So why am I writing this from the comfort of my adopted home, and my friend still scrambling the madness dance of Afro-European bureaucracy to get back to school? We had the same problem, in fact. At the airport I was stopped from boarding by an alert on the computer. My visa from the immigration department is also expired. I also filed the forms, paid the fees, and I have my rent contract and the papers from our university and, and, and... The guy at the airline counter, in his moment of power, tells me "no, I can't let you board" because regardless that I can show all the receipts from the immigration office and my national health insurance card and my matriculation papers, there is no stamp in my passport. No stamp, no boarding pass, no joy. Until I insist on talking to the manager, who comes over and after a short discussion, swipes his own privileged card like a magic wand, and the white guy with the blue passport is whisked through security. No one else on my journey back cares about my receipts or matriculation paper, my story. I got the privilege, I'm free to go. 
 
Recently in this small town, I was out shopping, with my partner. Just down the street to the supermarket, we went to get some things. Another black African was wandering the aisles, arms overloaded with essentials, and mumbled to me something about, what? Not actually having enough money to buy that stuff? I looked him in the eyes and said what I say to every other panhandler, "Nah man, I got no money for you." It wasn't an apology, it was more an annoyed dismissal: he was accosting me in my consumer reverie. I was trying to remember what I need, and looking for the Nutella on the shelves. I saw him out the corner of my eye, shuffling on to the next customer who was trying to avoid him. I found the Nutella, but I couldn’t take it, add it to my collection of things. "That guy doesn’t even have essentials," I thought, "and I want to buy Nutella?" Of course I didn't go give him the 3 euros 60 that Nutella would have cost me. That spare change is in fact my treat money, saved from my subsistence wage, my slice that I've carved out for myself in my own hard immigrant existence.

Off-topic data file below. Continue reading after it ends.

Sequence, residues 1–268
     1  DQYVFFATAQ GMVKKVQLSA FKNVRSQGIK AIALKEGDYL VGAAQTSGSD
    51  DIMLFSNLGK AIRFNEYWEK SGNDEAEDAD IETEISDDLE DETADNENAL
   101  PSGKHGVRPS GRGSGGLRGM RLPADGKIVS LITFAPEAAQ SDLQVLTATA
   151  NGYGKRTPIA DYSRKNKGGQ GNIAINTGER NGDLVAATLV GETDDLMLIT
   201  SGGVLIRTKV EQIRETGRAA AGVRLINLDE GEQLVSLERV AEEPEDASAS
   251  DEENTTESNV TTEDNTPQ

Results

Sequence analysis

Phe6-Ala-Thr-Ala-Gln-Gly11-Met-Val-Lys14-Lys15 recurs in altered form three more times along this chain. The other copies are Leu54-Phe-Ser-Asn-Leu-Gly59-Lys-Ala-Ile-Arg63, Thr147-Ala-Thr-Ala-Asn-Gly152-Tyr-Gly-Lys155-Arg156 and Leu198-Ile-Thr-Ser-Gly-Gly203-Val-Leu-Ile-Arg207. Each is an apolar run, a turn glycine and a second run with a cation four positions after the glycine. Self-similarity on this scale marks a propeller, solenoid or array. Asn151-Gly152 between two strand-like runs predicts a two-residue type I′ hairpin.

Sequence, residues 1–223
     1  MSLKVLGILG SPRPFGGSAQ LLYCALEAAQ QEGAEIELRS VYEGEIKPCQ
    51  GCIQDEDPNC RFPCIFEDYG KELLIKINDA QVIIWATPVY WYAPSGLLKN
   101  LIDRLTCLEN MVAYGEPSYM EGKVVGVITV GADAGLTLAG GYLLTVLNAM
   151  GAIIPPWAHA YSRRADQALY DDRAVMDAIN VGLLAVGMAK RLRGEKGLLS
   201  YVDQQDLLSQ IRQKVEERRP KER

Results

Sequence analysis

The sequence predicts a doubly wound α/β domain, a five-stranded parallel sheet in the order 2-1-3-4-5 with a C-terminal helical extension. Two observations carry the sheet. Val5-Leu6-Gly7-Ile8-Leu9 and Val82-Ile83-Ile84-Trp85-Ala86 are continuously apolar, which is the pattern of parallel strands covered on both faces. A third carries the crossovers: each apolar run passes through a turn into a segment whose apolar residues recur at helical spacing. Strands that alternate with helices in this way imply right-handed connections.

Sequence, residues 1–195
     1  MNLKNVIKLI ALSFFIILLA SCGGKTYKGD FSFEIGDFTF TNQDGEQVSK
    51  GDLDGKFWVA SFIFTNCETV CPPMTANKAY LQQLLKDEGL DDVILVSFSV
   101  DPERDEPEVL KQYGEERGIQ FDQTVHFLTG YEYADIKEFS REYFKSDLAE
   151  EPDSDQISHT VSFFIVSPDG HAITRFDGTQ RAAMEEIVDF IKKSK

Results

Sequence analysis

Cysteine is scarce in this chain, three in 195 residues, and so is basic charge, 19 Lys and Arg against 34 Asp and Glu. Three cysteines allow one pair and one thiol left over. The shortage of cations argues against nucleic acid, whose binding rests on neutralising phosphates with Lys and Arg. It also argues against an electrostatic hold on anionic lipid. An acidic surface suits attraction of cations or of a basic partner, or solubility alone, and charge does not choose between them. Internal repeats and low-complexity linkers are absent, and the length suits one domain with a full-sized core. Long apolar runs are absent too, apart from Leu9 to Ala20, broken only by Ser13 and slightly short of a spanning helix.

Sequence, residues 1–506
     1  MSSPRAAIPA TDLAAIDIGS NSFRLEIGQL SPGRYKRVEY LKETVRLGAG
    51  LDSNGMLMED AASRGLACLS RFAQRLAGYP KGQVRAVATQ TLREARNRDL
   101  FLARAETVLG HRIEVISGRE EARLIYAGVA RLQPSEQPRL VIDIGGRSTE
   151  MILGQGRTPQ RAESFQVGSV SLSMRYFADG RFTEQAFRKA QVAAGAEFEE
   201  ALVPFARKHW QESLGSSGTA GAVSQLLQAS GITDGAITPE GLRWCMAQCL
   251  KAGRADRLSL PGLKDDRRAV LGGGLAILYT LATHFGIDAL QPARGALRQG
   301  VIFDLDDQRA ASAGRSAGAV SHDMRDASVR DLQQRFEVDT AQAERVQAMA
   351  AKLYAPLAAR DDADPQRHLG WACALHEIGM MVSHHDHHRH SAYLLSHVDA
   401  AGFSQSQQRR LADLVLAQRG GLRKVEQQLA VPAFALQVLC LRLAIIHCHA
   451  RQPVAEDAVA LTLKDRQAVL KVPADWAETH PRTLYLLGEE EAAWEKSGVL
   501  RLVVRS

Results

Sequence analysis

I’ve been that guy, or so I’ve told myself, that guy but different, and it’s hard to get past the idea, “got no money? Get a job. Can’t find work? Go somewhere you can.” That’s what I did, anyway, when I had no money. OK, way back in the day, when I was a kid I thought I don’t need to work. I hitchhiked around making music, panhandling for spare change, until the hypocrisy of not needing a job dawned on me: I still needed someone to have a job, to have that change to give to me. Since then, I’ve been industrious, and somewhat independent. When I ended up poor, I mean, really no money poor, stranded in a faraway place, I could always find work. Permit or not, paid in cash or food or a place to stay, there was always work. There was always a place to sleep, and other migrants who’d tell me what was up; we learned together how to make it. Then once in Tel Aviv, I got picked up in an immigration sweep, while I was waiting at the regular spot in town with the other labourers. The bosses would drive by in the morning and pick some guys for the day, and I had a regular gig with some Russian welders, installing highway crash barriers and putting up rain roofs at schools in the Hasidic neighbourhoods. The cops arrived early in a fleet of black vans, and took everyone downtown. I sat in the holding cell with the other Africans. Until they called my name, and I stood before a judge while he berated me “Get a Visa!” and then released me on my own recognisance. A lot of those black Africans in the cell wouldn’t be so lucky. They’d get shipped back where they came from, as had happened to many of them before. They’d have to make a decision, to start the whole migrant thing all over again, or stay poor and black at home. My white skin, blue passport privilege, again. I was that guy, but different.
 
Thinking back, it sucks all around. My own privilege, how easy for me, and I take advantage of it! Or is it just, how much tougher my life would be if I was black African? I wonder about that guy in the supermarket, how do I even know he's African? It's just a supposition on my part, because the colour of his skin, and the fact that he can't go straight to the checkout and pay for what he needs, or even what he wants. Because that's just how it is here in this place. I brush him off and think, “Get a job dude, don’t be begging here. What about your dignity?!” But I know there’s no guarantee, that he knows what’s up or is even able. Mine is an intellectual privilege as well, unburdened as I am by drug and alcohol abuse, or mental health issues that I’ve seen for myself drive homelessness and destitution. And this guy, how could he know I'm also a 'poor' immigrant? I look a lot like the locals do, I'm searching for the luxury sweet stuff. He can't know that’s the cheap substitute for chocolate that we get, because as students, we can’t afford much luxury here either. Luxury is relative, like survival, and privilege. I wonder that I'll make a few phone calls and write some emails, try and figure out what my friend who’s stranded on the other continent needs to sort his paperwork. Even if it cost me some money to get him back, that would be ok. For he's the African I know, the African I want in my life. He’s not the one in the supermarket, who reminds me too, the immigrant I am, what I clearly need be reminded of, the privilege of my white skin, my blue passport.